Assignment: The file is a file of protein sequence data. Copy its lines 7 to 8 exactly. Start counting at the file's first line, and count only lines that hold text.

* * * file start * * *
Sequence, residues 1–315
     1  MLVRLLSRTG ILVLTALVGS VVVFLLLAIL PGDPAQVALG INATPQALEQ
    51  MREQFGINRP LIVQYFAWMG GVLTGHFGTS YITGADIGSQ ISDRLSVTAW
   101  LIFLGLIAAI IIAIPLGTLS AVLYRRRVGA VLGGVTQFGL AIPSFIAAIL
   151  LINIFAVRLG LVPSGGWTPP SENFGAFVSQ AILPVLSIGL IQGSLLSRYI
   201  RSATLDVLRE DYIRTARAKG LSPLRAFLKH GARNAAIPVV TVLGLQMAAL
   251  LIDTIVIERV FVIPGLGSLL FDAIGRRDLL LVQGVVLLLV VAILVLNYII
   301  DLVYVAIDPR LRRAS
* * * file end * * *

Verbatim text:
   251  LIDTIVIERV FVIPGLGSLL FDAIGRRDLL LVQGVVLLLV VAILVLNYII
   301  DLVYVAIDPR LRRAS